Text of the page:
An ingenuously creative book review told through the medium of javascript by Robin Sloan

26 July 2012
Reading Time
2 minute read

What I know about javascript wouldn’t fit on a pixel. In my small mind, programming is an abstract concept occupying the digital commons of an elite, highly trained, breed of humanoid whose hands are prosthetic illusions as they type meaninglessly on the keyboard, distracting us from the fact that their thoughts have a direct line to the ubiquitous Web lord.

I am wrong and I know this now. Using a wonderfully accessible, personal type-a-long film, Robin Sloan – a writer and media inventor – has conducted one of his excellent Summer Reading book reviews using the medium of a javascript console. As each command is entered into the programming field, the text of the review is revealed.

For someone like me (and I’ll sweepingly state, in a non-profound way, that I am not alone) this was a very exciting moment: I spoke to the computer god and it replied. Even the simplest of commands, with its instant reveal, was a very exciting moment.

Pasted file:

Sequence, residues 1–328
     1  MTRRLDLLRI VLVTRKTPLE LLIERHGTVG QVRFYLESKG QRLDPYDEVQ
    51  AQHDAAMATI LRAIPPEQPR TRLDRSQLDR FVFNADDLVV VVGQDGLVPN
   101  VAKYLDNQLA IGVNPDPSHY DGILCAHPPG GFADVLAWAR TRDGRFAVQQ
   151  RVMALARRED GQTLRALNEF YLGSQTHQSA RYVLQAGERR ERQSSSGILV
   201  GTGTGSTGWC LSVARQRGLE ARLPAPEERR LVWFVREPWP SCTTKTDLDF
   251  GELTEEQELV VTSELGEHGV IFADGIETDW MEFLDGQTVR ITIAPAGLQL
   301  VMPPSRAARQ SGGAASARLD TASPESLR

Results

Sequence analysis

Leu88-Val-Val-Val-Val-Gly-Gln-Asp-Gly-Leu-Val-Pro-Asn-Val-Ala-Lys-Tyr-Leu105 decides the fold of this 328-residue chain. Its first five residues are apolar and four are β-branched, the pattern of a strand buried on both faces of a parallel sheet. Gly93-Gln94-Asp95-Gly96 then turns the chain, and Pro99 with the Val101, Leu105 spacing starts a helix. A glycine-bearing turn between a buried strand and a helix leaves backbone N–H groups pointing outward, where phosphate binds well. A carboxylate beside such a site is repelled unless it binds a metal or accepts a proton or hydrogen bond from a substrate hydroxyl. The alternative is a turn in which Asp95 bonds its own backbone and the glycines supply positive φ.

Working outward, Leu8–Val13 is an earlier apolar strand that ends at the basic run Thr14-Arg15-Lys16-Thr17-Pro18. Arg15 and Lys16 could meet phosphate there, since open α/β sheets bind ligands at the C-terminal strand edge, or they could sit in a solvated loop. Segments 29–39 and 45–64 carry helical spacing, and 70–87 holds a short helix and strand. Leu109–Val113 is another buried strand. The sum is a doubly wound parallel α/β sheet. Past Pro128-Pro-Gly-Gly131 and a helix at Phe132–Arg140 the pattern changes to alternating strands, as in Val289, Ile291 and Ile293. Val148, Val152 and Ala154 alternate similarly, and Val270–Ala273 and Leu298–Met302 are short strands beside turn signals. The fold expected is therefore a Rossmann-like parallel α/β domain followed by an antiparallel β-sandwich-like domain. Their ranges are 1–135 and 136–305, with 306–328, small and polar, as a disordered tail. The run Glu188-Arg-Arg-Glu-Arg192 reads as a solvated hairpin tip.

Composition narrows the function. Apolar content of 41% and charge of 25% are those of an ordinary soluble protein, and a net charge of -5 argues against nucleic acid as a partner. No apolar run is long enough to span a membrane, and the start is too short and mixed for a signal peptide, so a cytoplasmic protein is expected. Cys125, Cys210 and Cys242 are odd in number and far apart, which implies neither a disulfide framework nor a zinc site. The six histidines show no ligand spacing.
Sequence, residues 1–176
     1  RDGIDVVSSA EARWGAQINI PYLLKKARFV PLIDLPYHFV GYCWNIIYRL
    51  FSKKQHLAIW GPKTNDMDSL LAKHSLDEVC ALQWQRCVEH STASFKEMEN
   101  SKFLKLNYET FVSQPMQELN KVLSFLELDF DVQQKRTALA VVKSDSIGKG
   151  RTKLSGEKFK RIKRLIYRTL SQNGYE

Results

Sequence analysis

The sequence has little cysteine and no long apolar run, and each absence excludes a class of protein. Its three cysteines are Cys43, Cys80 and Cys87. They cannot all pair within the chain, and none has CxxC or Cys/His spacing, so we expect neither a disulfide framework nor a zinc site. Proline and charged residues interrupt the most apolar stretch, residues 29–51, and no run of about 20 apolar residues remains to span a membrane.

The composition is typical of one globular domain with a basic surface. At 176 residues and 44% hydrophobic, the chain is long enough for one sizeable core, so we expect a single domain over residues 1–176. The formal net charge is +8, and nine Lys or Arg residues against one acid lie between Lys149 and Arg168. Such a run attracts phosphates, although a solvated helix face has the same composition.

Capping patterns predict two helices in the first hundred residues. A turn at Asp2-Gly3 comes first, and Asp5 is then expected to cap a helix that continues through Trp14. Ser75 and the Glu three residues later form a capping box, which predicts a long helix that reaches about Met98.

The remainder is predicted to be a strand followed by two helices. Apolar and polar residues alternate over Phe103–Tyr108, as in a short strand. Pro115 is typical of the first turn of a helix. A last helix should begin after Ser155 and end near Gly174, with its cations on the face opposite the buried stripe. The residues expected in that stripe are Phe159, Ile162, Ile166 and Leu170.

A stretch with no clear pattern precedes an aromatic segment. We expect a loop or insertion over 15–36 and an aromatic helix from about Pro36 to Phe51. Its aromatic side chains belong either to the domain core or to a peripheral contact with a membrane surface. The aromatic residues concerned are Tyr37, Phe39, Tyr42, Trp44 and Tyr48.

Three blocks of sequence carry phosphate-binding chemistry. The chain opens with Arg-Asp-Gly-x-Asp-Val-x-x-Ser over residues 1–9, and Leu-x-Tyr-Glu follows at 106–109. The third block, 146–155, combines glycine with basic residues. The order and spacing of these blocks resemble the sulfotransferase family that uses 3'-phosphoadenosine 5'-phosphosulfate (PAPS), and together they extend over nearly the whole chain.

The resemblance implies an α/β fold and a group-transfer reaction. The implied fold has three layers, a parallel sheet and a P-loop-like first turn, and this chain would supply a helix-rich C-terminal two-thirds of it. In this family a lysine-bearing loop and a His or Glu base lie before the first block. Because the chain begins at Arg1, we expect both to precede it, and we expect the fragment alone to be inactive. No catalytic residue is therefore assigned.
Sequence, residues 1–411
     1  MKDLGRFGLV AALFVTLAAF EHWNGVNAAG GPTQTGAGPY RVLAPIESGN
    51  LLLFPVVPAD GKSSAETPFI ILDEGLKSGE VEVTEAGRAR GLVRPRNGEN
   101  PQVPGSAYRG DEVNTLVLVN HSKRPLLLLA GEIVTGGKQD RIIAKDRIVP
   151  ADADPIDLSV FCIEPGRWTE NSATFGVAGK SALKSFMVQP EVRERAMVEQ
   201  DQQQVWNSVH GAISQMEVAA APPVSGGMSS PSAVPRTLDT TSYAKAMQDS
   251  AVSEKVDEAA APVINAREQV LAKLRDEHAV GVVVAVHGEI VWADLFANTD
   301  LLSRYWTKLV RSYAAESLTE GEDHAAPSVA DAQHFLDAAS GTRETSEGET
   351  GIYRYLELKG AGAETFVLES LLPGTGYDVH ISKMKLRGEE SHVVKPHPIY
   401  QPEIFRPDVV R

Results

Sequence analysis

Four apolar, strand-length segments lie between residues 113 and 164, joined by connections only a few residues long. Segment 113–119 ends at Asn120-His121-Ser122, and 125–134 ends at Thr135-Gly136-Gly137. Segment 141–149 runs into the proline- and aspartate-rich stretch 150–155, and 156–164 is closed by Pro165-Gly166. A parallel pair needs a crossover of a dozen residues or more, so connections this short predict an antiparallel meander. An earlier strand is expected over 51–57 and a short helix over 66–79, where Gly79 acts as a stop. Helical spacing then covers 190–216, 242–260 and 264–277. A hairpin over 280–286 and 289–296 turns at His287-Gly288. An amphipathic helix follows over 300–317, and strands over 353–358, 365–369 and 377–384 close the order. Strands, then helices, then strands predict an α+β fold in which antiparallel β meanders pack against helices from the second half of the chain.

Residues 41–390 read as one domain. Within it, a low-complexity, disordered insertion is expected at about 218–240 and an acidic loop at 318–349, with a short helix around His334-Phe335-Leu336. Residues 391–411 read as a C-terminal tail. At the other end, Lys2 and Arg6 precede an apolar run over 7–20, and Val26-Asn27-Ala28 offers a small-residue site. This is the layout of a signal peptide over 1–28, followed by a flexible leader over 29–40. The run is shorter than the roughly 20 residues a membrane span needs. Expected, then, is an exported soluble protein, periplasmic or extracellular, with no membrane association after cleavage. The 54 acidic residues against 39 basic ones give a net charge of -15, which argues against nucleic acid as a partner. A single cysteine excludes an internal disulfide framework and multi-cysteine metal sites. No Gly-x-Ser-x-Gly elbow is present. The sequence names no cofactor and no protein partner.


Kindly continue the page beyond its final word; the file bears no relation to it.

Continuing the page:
Topping that is the content. Very appropriately this review was on a about the accessibility of programming knowledge. Sloan wanted to read something that explained what it “feels like” to program computers and with that he found Close to the Machine by Ellen Ullman. Killing two metaphorical birds, as readers we get to experience javascript in it’s simplest form and reveal a literary work that will go someway in educating us as to its meaning.

Just try it and see!

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About the Author

Bryony Quinn

Bryony was It’s Nice That’s first ever intern and worked her way up to assistant online editor before moving on to pursue other interests in the summer of 2012.

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